For anyone who has ever considered going to the Scottish Highlands I’d say this: go now. Pack immediately. (And bring a raincoat and waterproof shoes.)

Our three days in the Highlands has so far been the highlight of my trip – this area of the world, located in the most northwestern part of Scotland and the United Kingdom, boasts absurdly beautiful scenery in all directions, plenty of hiking, yummy food, sweet locals and a completely laid back way of life.

After renting a car in Edinburgh, Julia (a friend from the States who’s joined me for the UK and Ireland part of my trip) and I made our way north. Driving on the left side of the road was initially super intimidating – fortunately Budget was able to deliver on my ‘automatic’ car request (there was no way I was going to use the streets of Edinburgh to test how much of my college knowledge of stick-shift driving remained) and within a day or two, driving on the left and through the constant ’round-abouts’ no longer felt foreign. Here’s Julia with our awesome Passat.

We headed towards the Isle of Skye, the largest and most northerly island in the Highlands, passing through Loch Lomond and The Trossachs National Park on the way. The weather wasn’t great, with rain almost the entire drive, but the scenery more than made up for it.

As we drove further and further north, the more green things grew, the less people we saw and the harder they were to understand! I had short passing conversations with people in which I legitimatily did not understand a single word they said, their Scottish accent was so thick. Road signs also became bilingual, to include both English and the native Scottish Gaelic dialect.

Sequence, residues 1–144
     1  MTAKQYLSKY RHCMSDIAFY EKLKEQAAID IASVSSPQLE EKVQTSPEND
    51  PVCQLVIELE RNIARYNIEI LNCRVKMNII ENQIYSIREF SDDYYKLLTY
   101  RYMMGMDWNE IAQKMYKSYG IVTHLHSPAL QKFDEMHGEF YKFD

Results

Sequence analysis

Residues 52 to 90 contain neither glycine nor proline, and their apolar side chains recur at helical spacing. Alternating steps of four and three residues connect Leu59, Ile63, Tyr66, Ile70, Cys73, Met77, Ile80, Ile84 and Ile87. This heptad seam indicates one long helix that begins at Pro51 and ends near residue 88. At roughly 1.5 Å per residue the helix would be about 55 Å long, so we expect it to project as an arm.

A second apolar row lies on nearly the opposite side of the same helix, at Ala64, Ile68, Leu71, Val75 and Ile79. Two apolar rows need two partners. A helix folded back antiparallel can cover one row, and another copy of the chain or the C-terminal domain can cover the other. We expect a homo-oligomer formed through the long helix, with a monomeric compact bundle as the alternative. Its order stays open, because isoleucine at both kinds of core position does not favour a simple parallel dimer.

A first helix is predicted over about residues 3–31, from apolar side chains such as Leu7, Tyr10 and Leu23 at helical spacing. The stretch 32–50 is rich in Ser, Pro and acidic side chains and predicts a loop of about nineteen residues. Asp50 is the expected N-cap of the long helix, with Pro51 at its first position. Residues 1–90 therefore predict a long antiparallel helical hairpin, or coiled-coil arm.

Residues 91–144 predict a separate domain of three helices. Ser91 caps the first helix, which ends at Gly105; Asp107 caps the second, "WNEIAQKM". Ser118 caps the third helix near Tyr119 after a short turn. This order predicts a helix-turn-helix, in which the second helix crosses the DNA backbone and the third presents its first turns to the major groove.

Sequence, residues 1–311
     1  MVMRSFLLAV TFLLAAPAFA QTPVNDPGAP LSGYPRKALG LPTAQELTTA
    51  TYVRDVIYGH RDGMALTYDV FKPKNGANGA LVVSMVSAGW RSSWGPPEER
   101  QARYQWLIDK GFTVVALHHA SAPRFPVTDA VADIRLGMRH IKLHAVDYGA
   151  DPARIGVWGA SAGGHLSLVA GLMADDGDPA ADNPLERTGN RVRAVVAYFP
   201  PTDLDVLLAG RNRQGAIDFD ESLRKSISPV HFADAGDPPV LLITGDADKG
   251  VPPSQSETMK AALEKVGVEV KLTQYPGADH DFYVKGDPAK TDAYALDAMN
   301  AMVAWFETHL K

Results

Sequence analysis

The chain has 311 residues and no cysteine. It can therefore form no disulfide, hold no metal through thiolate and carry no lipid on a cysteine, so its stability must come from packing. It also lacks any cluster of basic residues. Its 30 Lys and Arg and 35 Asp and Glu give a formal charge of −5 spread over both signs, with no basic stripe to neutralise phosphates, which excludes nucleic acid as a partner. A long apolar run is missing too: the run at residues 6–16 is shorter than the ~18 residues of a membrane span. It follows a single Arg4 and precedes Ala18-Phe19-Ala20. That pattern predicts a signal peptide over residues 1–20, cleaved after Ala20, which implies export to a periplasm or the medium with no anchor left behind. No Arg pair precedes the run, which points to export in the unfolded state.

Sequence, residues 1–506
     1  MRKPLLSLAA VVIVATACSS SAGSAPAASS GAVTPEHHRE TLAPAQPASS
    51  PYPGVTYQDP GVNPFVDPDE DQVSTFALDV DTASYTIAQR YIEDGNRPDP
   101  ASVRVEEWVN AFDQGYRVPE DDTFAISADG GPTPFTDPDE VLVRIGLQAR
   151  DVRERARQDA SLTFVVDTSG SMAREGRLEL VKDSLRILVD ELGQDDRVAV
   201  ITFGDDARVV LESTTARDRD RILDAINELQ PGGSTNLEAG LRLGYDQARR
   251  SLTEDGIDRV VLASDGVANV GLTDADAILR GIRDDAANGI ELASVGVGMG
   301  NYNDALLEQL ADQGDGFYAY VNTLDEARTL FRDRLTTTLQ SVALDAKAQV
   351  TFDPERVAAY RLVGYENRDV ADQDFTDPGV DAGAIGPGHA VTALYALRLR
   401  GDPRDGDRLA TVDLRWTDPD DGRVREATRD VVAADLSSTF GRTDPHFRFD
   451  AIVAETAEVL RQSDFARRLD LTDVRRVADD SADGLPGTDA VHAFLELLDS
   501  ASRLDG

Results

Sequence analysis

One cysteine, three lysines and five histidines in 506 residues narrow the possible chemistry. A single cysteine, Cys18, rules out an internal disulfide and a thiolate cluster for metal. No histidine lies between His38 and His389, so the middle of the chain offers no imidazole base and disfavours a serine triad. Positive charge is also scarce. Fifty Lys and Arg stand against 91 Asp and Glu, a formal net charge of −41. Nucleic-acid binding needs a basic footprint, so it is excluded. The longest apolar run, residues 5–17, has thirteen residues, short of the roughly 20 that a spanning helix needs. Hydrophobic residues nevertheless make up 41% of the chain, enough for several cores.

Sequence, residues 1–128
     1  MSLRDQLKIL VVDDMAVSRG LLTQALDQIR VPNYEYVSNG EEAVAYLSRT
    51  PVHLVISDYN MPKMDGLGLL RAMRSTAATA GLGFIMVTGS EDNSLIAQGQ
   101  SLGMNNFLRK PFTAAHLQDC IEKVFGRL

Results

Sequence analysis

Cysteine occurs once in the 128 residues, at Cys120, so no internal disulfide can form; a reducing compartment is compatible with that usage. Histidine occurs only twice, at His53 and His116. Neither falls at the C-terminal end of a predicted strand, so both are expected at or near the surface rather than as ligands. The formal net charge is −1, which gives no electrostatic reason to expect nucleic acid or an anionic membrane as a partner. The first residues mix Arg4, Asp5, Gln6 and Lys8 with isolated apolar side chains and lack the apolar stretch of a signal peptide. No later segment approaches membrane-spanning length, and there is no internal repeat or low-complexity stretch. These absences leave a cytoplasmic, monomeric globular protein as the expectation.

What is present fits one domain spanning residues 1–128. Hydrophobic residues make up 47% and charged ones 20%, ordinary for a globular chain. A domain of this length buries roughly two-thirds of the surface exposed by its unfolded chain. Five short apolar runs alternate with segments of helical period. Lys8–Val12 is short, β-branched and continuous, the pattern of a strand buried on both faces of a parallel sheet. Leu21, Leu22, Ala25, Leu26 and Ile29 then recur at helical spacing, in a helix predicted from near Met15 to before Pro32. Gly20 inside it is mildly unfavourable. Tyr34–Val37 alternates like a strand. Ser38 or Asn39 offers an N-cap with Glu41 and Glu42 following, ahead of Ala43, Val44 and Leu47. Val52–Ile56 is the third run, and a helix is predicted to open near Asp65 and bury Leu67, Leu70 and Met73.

The Isle of Skye takes its name from the old Norse sky-a, meaning ‘cloud island’ and it’s easy to see why.

The below picture pretty much sums up the scenery in Skye: in any direction you look, you’re likely to see water in some form, be it ocean, lake or rain, vibrant green hills, and a sassy sheep giving you the side-eye.

My favorite Skye adventure was hiking out to Neist Point, the most westerly point of the island.

Besides getting to scope out an 105-year-old lighthouse (which is no longer in operation), on all sides of the peninsula are the most amazing cliff views.

The capital township of Skye is a cute little fishing town called Portree. The downtown is only a few square blocks centered around the little fishing harbor.

(Rain in the eyes = no bueno.)

After our few days in Skye, we left and headed east to spend our remaining time in Scotland at the most well known Scottish landmark… Loch Ness! This is the famous lake (or loch, as they’re called in Gaelic) where Nessie, the Loch Ness Monster, was spotted in 1933.

The lake is huge at over 20 miles long, a mile wide and 700 feet at its deepest point. Unfortunately Nessie was on holiday when we stopped by and we weren’t able to get a glimpse!

So there you have a few of my Scottish Highlands highlights – this is a place I could’ve easily spent more time, the island is a decent size and we only explored a fraction of it. As I’ve alluded to above, the area does receive a fair amount of rain, but it’s usually only for a few hours and not very heavy (from the POV of a native Seattleite anyway). The combination of raw beauty and peacefulness found in Skye aren’t available everywhere so keep it in mind when you start considering your next vacation abroad!

Thanks for reading!

xo Carrie